Magistrates’ costly decisions on whom to remand to prison
Ten of thousands of people are remanded in custody every year while they await trial. But when they come to court, a high proportion walk free.
They are either acquitted, not proceeded against, or given a non-custodial sentence, but receive no compensation for time spent on remand. In the interests of justice, we ought to know more about of these remandees, but despite suggestions from Andrew Pelling MP, the Ministry of Justice has proved resistant to the idea of undertaking a regression analysis to identify their characteristics.
What is needed is a comparison of the three classes of remandees who were subsequently (A) acquitted or not proceeded against or (B) received a non-custodial sentence versus (C) received a sentence of immediate custody. An obvious first characteristic to consider is the type of court because, in general, custodial sentences are a more likely outcome at the Crown court than in magistrates’ courts.
To prove the point about possible explanatory factors, I therefore asked the Secretary of State for Justice, Jack Straw, to make information on remandees available by type of court. The results, see Table below, are striking.
Magistrates’ courts. The number of remands by magistrates’ courts decreased dramatically, by 29 per cent, between 2000+2001 (87,653) and 2006+2007 (62,119) Subtotal C of remandees subsequently sentenced to immediate custody by magistrates decreased commensurately, by 31 per cent, from 31,500 to 21,761, over the same period.
Subtotal B of remandees subsequently given a non-custodial sentence decreased more modestly by 15 per cent (30,468 to 25,885). The greatest fall was for remandees who were subsequently acquitted or not proceeded against, which dropped by 44 per cent (25,685 to 14,473).
Thus, over the period 2000+2001 to 2006+2007, there has been a marked decrease in the absolute number of A+B remandees who were subsequently acquitted, not proceeded against or given a non-custodial by magistrates. But, the proportion of magistrates’ remands that subsequently received an immediate custodial sentence (C) has remained low: typically, 36 per cent.
In 2006+2007, magistrates may have requisitioned an annual average of 0.5×55×40,358 = 1,109,845 prisoner-days = 3,040 prisoner-years, or five medium sized jails for persons who subsequently did not receive a custodial sentence. (This is based on previous answers showing that the average time on remand is 55 days. These prisoners, unlike those whose offence warrants immediate custody, receive no relief for their time spent on remand.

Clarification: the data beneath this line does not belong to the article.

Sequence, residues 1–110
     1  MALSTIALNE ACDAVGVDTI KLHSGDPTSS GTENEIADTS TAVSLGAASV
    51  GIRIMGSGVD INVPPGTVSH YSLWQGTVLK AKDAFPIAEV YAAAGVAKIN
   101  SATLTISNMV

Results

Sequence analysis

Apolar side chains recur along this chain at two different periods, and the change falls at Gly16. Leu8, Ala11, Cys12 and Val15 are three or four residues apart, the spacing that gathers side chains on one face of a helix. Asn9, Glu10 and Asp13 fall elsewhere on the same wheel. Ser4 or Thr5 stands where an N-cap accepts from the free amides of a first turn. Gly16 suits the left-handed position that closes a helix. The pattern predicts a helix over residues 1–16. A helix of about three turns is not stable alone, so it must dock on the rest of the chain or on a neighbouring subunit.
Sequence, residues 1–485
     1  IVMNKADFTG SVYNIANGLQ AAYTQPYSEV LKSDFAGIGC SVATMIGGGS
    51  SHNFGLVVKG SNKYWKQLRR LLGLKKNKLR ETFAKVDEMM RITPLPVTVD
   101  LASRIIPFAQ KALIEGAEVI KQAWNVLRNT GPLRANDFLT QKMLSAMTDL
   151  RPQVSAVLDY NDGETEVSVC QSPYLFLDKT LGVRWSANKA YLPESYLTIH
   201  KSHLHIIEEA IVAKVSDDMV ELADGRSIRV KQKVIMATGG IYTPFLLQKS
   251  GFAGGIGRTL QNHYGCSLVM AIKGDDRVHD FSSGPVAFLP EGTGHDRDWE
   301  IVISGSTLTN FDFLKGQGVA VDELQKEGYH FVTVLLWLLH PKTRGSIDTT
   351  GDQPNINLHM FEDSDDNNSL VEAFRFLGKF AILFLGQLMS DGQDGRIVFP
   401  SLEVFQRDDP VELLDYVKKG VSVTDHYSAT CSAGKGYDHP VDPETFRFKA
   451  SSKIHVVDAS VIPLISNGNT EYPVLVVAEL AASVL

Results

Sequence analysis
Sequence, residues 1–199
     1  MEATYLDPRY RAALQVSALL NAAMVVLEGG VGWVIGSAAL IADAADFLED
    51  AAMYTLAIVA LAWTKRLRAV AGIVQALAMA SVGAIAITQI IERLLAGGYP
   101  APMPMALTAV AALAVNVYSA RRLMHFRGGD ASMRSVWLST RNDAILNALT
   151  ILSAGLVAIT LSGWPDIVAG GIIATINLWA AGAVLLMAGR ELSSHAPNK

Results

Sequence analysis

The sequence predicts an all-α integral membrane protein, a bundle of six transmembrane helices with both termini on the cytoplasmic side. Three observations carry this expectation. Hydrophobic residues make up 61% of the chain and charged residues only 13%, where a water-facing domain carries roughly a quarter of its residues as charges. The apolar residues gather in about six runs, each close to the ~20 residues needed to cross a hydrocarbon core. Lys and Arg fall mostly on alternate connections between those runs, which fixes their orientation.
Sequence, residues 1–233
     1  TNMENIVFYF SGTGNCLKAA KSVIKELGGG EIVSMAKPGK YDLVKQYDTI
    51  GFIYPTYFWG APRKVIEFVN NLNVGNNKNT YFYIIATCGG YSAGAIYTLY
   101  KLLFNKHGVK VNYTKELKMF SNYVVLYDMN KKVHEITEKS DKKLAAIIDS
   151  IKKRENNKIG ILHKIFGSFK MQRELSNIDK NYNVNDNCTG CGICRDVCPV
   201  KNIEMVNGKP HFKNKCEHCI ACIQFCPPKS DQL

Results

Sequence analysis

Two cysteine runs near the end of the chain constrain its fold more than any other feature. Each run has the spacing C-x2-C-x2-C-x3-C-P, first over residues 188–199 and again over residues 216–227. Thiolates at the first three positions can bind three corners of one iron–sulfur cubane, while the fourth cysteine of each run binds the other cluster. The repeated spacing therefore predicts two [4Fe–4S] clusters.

Crown courts. The number of Crown court remandees was only slightly lower at 71,055 in 2006+2007 than it had been in 2000+2001 (72,109) but had risen in the intervening years.
Subtotal C of remandees subsequently sentenced to immediate custody by the Crown courts increased from 44,398 in 2000+2001 to 48,836 in 2006+2007 - representing an increase in the proportion of Crown court remands that resulted in an immediate custodial sentence from 62 per cent to 69 per cent.
As in the magistrates’ courts, the greatest reduction was for Crown court remandees who were subsequently acquitted or not proceeded against. Their number, A, dropped by 27 per cent from 13,425 in 2000+2001 to 9,846 in 2006+2007.
So in 2006+2007, the Crown courts may have requisitioned an annual average of 0.5×55×22,219 = 611,020 prisoner-days = 1,670 prisoner-years, or 2.8 medium sized jails for persons who subsequently did not receive a custodial sentence.
Summary: In 2006+2007, those remanded to prison by magistrates’ courts had a low 36 per cent chance of getting a custodial sentence, the length of which would be reduced by their days spent on remand. However, 64 per cent of those remanded to prison by magistrates got no sentence relief for having been remanded, or indeed no sentence at all!
By contrast, in 2006+2007, those remanded to prison by the Crown court had a high 69 per cent chance of getting a custodial sentence.
It should be a priority for the Ministry of Justice to collect and publish statistics on the mean time spent on remand for each of subgroups A to C of remandees by i) magistrates’ courts, ii) Crown courts.
Footnote: the most recent counts received from the MOJ differ in detail but not substance from earlier postings. We assume that the latest counts are the most rigorous.